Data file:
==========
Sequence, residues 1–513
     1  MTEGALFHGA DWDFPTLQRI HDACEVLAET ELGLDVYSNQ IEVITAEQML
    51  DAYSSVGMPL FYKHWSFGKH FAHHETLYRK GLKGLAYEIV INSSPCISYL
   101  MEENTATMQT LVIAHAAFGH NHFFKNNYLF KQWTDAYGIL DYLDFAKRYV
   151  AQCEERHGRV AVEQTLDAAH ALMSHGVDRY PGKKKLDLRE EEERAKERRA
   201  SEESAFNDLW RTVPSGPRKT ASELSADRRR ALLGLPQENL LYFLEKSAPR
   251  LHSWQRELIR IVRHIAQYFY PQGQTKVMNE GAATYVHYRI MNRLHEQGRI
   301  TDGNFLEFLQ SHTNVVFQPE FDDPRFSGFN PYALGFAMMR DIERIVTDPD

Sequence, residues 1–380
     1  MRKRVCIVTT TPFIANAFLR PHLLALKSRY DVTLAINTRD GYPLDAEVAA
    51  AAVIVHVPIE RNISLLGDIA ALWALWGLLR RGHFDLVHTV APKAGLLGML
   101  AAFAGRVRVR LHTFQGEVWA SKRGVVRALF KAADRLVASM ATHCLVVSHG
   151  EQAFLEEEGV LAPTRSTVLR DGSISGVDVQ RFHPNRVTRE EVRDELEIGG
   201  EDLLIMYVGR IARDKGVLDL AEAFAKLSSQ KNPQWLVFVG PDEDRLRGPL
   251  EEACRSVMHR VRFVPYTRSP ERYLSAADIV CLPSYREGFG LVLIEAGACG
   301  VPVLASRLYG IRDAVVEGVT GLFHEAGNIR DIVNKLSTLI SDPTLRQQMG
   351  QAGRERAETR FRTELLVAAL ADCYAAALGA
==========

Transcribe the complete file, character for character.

Sequence, residues 1–513
     1  MTEGALFHGA DWDFPTLQRI HDACEVLAET ELGLDVYSNQ IEVITAEQML
    51  DAYSSVGMPL FYKHWSFGKH FAHHETLYRK GLKGLAYEIV INSSPCISYL
   101  MEENTATMQT LVIAHAAFGH NHFFKNNYLF KQWTDAYGIL DYLDFAKRYV
   151  AQCEERHGRV AVEQTLDAAH ALMSHGVDRY PGKKKLDLRE EEERAKERRA
   201  SEESAFNDLW RTVPSGPRKT ASELSADRRR ALLGLPQENL LYFLEKSAPR
   251  LHSWQRELIR IVRHIAQYFY PQGQTKVMNE GAATYVHYRI MNRLHEQGRI
   301  TDGNFLEFLQ SHTNVVFQPE FDDPRFSGFN PYALGFAMMR DIERIVTDPD

Sequence, residues 1–380
     1  MRKRVCIVTT TPFIANAFLR PHLLALKSRY DVTLAINTRD GYPLDAEVAA
    51  AAVIVHVPIE RNISLLGDIA ALWALWGLLR RGHFDLVHTV APKAGLLGML
   101  AAFAGRVRVR LHTFQGEVWA SKRGVVRALF KAADRLVASM ATHCLVVSHG
   151  EQAFLEEEGV LAPTRSTVLR DGSISGVDVQ RFHPNRVTRE EVRDELEIGG
   201  EDLLIMYVGR IARDKGVLDL AEAFAKLSSQ KNPQWLVFVG PDEDRLRGPL
   251  EEACRSVMHR VRFVPYTRSP ERYLSAADIV CLPSYREGFG LVLIEAGACG
   301  VPVLASRLYG IRDAVVEGVT GLFHEAGNIR DIVNKLSTLI SDPTLRQQMG
   351  QAGRERAETR FRTELLVAAL ADCYAAALGA